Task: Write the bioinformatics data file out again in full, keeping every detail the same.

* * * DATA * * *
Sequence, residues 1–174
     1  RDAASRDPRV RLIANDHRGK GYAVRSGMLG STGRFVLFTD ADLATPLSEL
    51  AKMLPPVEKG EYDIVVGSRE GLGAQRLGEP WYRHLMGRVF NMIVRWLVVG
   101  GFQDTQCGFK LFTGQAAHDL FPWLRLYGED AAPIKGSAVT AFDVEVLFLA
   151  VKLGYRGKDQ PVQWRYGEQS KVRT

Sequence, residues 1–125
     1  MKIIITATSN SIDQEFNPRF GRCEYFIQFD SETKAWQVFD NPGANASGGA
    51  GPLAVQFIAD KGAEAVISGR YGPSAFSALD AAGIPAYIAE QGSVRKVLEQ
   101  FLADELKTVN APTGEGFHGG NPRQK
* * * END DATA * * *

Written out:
Sequence, residues 1–174
     1  RDAASRDPRV RLIANDHRGK GYAVRSGMLG STGRFVLFTD ADLATPLSEL
    51  AKMLPPVEKG EYDIVVGSRE GLGAQRLGEP WYRHLMGRVF NMIVRWLVVG
   101  GFQDTQCGFK LFTGQAAHDL FPWLRLYGED AAPIKGSAVT AFDVEVLFLA
   151  VKLGYRGKDQ PVQWRYGEQS KVRT

Sequence, residues 1–125
     1  MKIIITATSN SIDQEFNPRF GRCEYFIQFD SETKAWQVFD NPGANASGGA
    51  GPLAVQFIAD KGAEAVISGR YGPSAFSALD AAGIPAYIAE QGSVRKVLEQ
   101  FLADELKTVN APTGEGFHGG NPRQK